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Glass before bodies Michael wink.gif Having spent the entire winter shooting at ISO 3200 I would love to be able to get ISO6400. Faster auto focus, 10 fps would be nice, but 8.5 will suit me just fine. I almost put my name on a pre-order list but I am thinking I could buy one Mark II and an L or two for the same price.

The used market is already starting to feel the effects with a definite increase in cameras showing up. People are afraid the prices are going to drop and are getting rid of inventory. I saw the first Mark II go below $2,000 last night.

It is amazing that arguably one of the finest cameras on the market five days ago is now not going to cut it with a number of photographers that have made comments on other forums. We always want the newest latest and greatest, look at our hunting and fishing spending habits...well maybe we shouldn't do that. You get the point, I will be upgrading very shortly but I am pretty certain it won't be a Mark III...although I do retain the right to change my mind at any time wink.gif

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DBL, I'd be more than happy to see the prices on the Mark II N drop like rock. I've been eyeing the 30D as a potential for later in the year, but if the Mark II N comes down far enough...I'd be a happy man. grin.gif

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As an update to info on the Mk3, noted bird photographer Arthur Morris had pre-production models of the Mk3 and shot with them. He has reviewed them, although he pulled his sample images at Canon's request because they were not from production model cameras.

Morris says that, at iso3200, when washed through the free noise software Canon provides with the camera, that noise performance is equal to out-of-the-camera iso400 noise performance in the 1Ds Mk2 and 1D Mk2n. The 1Ds Mk2 is Canon's full frame 16.7 Mp top of the line body, and the Mk2n is the predecessor of the new Mk3, and has 8.3 Mp on a 1.3 crop sensor.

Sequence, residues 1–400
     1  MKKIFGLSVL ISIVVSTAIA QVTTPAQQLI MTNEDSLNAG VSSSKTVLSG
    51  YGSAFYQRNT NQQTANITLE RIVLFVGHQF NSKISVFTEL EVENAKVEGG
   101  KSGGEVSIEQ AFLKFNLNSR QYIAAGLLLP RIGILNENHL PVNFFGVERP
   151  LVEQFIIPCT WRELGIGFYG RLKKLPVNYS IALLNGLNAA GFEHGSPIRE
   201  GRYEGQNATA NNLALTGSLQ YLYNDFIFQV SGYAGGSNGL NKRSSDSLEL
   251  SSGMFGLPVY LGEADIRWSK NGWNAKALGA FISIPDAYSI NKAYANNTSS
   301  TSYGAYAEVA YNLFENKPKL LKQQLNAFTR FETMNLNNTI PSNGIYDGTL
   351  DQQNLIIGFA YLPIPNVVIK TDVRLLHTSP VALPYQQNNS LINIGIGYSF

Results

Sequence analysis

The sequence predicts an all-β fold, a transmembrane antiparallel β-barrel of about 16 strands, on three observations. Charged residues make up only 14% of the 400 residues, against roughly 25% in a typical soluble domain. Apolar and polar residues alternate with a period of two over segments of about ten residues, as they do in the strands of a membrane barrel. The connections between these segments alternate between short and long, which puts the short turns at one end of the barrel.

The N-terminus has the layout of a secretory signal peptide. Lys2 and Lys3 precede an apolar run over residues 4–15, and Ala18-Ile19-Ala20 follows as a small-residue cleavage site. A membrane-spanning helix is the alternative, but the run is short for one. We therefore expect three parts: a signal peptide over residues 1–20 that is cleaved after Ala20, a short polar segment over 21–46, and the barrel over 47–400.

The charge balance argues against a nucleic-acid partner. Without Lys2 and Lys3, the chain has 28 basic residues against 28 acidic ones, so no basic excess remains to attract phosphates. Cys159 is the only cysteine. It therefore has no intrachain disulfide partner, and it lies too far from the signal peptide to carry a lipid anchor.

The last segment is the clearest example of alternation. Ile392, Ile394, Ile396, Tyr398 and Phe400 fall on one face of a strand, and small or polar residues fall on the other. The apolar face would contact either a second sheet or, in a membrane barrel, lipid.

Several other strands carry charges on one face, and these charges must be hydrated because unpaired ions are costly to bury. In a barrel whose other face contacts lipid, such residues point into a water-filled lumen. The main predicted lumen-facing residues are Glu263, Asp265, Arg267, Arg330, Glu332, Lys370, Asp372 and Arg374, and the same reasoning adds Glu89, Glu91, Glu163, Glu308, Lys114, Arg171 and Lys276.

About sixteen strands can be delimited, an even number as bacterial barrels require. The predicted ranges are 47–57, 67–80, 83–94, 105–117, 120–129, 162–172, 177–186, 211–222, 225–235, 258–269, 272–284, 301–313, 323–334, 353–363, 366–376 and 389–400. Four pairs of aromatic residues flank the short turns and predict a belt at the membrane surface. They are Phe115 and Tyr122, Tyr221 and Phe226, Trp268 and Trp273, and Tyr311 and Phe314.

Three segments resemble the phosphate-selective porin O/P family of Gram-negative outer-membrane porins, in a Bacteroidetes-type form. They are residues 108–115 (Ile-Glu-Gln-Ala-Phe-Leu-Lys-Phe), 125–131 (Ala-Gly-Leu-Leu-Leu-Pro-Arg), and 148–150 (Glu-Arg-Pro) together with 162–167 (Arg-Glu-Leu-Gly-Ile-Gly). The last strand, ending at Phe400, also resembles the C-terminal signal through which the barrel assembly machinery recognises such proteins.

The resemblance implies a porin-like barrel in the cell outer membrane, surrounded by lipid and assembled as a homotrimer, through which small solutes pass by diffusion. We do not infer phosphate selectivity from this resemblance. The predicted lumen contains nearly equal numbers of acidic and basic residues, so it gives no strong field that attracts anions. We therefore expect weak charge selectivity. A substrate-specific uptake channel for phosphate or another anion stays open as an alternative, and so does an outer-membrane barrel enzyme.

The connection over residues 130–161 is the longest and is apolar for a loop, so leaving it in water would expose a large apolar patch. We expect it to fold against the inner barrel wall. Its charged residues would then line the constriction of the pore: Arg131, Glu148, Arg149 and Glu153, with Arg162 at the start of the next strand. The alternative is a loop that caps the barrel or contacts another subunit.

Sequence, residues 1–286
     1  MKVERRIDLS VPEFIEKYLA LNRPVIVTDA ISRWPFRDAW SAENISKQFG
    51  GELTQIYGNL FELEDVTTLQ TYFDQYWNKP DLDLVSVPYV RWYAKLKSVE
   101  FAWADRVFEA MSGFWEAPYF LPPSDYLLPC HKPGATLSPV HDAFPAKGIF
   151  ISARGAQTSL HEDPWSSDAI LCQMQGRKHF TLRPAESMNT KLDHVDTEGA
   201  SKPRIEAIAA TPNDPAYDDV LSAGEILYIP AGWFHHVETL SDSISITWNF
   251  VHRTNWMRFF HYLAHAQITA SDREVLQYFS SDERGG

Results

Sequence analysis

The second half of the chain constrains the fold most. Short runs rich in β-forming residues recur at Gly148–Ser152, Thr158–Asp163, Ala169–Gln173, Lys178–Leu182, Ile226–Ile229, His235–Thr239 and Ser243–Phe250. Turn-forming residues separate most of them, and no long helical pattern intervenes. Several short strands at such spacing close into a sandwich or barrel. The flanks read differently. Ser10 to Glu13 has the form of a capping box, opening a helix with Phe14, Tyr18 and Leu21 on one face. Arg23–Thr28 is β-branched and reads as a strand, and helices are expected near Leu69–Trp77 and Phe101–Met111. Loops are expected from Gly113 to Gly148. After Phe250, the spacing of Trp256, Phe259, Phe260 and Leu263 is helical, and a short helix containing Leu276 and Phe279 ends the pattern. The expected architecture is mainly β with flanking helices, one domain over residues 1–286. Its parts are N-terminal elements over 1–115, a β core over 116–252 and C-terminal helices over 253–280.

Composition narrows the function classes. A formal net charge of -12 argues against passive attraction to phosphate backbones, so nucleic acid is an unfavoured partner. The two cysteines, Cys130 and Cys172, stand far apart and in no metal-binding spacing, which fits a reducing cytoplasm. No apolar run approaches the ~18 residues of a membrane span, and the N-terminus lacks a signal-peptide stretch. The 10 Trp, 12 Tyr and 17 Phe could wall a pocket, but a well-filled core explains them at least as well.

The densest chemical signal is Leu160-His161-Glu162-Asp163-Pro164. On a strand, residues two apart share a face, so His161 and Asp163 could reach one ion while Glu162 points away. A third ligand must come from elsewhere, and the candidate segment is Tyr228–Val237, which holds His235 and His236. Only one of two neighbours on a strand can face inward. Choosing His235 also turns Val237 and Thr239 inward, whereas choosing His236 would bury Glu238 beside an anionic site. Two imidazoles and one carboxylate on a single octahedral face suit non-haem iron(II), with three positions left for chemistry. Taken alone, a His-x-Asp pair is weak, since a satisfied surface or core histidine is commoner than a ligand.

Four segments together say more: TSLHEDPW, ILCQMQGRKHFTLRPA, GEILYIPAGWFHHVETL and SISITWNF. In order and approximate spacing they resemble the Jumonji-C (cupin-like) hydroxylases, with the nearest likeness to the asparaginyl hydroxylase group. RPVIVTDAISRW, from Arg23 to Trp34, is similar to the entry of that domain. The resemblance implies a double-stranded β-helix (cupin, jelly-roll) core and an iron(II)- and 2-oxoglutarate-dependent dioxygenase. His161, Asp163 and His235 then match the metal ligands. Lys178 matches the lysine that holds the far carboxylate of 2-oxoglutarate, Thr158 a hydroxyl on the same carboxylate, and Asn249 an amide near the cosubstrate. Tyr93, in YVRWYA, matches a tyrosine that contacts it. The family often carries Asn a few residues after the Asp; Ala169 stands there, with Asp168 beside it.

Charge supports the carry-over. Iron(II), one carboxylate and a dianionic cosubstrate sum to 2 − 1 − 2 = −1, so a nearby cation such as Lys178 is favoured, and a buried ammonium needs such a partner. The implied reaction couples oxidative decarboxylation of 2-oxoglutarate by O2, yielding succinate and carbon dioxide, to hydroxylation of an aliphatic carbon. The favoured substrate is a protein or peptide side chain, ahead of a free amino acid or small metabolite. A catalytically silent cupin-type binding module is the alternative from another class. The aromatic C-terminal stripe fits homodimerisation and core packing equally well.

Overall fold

It should be noted that Morris is a Canon contract photographer and field tester, and is unlikely to bash Canon gear.

However, if what Morris says is true, that has tremendous impacts for all Canon cameras. To be able to shoot such fine images at iso3200 is revolutionary, and Canon, in its announcement of the Mk3, mentioned a new pixel technology that made their pixels more sensitive to light. Why I think this is tremendous is that, even though most of us can't or won't afford those expensive "1" series DSLR cameras, it seems to me that Canon will be incorporating the same pixel technology in its new entry and mid level cameras as they come out. While those cameras are 1.6 crop sensors, which have more noise than full frame or 1.3 crop sensors, that pixel technology will improve noise performance that already is excellent.